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GRI Motorcycles


G.R.I. (1920-22) Un motor con una distribución inusual

Finalizada la Primer Guerra Mundial las inovaciones técnicas implementadas en los motores de aviación se trataron de aplicar en las motocicletas. Es así que George Richard Inshaw (1888 -1951), un ingeniero consultor del “Inshaw Rotary Engine Syndicate” que ya había patentado el aeromotor rotativo de Inshaw (construido en los talleres de Gnome and Le Rhone de Walthamstow) diseña un motor de motocicleta con válvula única para la G.R.I. Motors, Ltd., de Glasgow, Escocia. Las motocicletas G.R.I. fueron producidas entre 1920 y 1922 y eran distribuidas por la firma Macrae y Dick de Inverness, Escocia.

El motor diseñado por Inshaw tenía una tapa de cilindro desmontable y, en lugar del mecanismo de válvulas convencional, el flujo de gases era controlado por una válvula de distribución rotativa en conjunto con una única válvula de asiento que era conducida por un balancín y una leva montada sobre el mismo eje de la válvula rotativa. De ese modo la válvula rotativa no estaba sometida a la compresión generada en la cámara de combustión puesto que era la válvula de asiento la que lo soportaba. El puerto de admisión estaba ubicado debajo del puerto de escape y ambos pasajes estaban comunicados con la cámara de combustión a través de un orificio común sellado por la válvula de asiento. El conjunto de válvula rotativa y leva era impulsado desde el piñón de salida del cigüeñal por una cadena que también comandaba al magneto C.A.V. Los gases del escape eran descargados hacia atrás y conducidos hasta el silenciador a través de una caño metálico flexible.

La máquina se presentó por primera vez en 1920 con dos modelos de 349 cc y 496 cc y tenía el motor instalado en un cuadro convencional con horquillas Brampton Biflex, caja de cambios Sturmey-Archer de dos velocidades y transmisión final a correa. El carburador era Brown & Barlow.

A pesar de intervenir en varias competencias de velocidad (aunque con escaso protagonismo) las válvulas rotativas revelaron ser poco confiables por lo que las motos G.R.I. no tuvieron la aceptación del público y pronto desaparecieron del mercado. Sin embargo me pareció válido mostrar este ingenioso sistema de distribución que proclamaba ser simple y eficaz pero … en 1920 aún no era el tiempo de las válvulas rotativas.


G.R.I. (1920-22) an engine with an unusual distribution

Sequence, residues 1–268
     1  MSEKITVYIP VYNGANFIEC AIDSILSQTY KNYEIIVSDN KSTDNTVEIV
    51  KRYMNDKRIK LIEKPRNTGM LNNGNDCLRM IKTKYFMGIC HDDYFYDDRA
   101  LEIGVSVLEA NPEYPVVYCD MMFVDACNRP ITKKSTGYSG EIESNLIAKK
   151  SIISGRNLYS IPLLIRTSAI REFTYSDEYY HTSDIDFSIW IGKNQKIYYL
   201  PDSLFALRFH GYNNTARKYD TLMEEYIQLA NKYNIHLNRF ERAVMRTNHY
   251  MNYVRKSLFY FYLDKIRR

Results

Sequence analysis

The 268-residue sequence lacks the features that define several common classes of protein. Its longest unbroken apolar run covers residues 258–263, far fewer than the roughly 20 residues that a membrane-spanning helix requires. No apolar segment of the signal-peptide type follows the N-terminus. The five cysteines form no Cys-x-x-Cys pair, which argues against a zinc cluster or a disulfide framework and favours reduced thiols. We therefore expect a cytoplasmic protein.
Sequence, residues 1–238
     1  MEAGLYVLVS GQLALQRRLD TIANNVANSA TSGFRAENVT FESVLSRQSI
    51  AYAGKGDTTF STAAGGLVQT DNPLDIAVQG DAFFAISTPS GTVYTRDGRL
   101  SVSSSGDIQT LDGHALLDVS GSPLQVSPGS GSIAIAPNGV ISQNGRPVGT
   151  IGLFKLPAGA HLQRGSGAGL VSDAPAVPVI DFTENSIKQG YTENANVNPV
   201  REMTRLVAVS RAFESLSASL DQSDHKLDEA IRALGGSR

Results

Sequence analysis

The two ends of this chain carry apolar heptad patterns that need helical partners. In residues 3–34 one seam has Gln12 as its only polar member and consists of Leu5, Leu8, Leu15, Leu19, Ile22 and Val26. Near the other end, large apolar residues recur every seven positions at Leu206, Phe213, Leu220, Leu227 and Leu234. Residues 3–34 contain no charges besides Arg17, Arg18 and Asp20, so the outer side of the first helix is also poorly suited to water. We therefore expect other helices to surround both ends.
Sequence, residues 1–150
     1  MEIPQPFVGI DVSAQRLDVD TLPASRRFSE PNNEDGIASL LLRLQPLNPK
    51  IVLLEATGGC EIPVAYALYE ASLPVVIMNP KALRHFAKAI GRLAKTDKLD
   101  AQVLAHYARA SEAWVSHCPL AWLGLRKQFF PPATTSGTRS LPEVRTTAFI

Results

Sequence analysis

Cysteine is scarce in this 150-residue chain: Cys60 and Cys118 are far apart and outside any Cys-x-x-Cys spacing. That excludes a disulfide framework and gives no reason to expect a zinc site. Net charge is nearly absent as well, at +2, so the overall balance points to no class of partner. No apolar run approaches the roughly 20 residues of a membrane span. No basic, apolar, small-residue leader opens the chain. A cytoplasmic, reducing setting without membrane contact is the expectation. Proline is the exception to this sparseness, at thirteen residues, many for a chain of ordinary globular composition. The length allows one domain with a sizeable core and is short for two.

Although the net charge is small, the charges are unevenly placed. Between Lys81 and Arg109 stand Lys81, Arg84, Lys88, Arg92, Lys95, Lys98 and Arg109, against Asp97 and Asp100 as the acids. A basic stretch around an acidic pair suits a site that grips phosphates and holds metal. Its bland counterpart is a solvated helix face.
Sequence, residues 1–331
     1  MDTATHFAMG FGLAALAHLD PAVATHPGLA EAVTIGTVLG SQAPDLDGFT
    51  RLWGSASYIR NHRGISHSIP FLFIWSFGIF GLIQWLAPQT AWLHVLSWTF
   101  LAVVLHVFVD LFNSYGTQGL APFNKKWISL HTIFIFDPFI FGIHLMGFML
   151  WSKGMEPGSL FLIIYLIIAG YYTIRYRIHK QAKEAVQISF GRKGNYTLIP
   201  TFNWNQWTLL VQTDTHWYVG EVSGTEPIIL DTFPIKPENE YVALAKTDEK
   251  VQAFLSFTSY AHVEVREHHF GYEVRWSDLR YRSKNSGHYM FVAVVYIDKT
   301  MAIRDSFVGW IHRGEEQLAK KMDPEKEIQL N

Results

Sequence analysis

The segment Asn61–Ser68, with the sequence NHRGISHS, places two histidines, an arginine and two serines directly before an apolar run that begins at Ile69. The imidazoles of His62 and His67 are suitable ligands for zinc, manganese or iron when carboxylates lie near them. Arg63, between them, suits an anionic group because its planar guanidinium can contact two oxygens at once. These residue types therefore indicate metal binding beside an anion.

After the First World War, the technical innovations implemented in aviation engines were often applied to motorcycles. George Richard Inshaw (1888-1951), a consulting engineer for the "Inshaw Rotary engine syndicate" which had already patented Inshaw rotary aeromotor (built in the Gnome & Rhone workshops in Walthamstow ¹) designed a motorcycle engine with a single valve for G.R.I. Motors, Ltd., Glasgow, Scotland.

The motorcycles were built between 1920 and 1922 and were distributed by the firm Macrae and Dick of Inverness, Scotland.

The engine designed by Inshaw had a detachable cylinder head and, instead of the conventional valve mechanism, the gas flow was controlled by a rotating valve in conjunction with a single poppet valve which was driven by a rocker and a cam mounted on the same axis of the rotary valve. In this way the rotary valve was not subject to compression generated in the combustion chamber since it was the seat valve that supported it.

The inlet port was located under the exhaust port and both passages were reported with the combustion chamber through a common orifice sealed by the poppet valve. The rotating valve set and cam was driven by a chain which also drove the C.A.V. magneto. The exhaust gases were routed to the silencer via a flexible metal pipe.

The machine was first presented in 1920 with two models of 349 cc and 496 cc and had the engine installed in a conventional frame with a Sturmey-Archer gearbox and belt drive. The carburetor was Brown & Barlow.

    Application filed January 27, 1921. Serial No. 440,490.

    Be it known that I, GEORGE RICHARD INSHAW, a subject of the King of Great Britain, residing at Murcia House, Pollokshields, near Glasgow, North Britain, have invented new and useful Improvements in Connection with the Valvular Arrangements of Internal Combustion Engines, of which the following is a specification.

    My invention relates to internal combustion engines working on the four-cycle principle and of the kind wherein the valvuar arrangements comprise a tappet-valve, which is opened at the proper times for induction and exhaust and closed during the compression and working strokes and controls a passage to the cylinder...

    Patent US 1374158 A

Notes


1. The Walthamstow workshops built engines for Sopwith Camel. After the war, Sopwith built the ABC, which was not a commercial success in Britain. Gnome et Rhone later built the machines in France.

Sources: archive.org, Graces Guide, espacenet et al.
Original Spanish article by Sergio Scalerandi.



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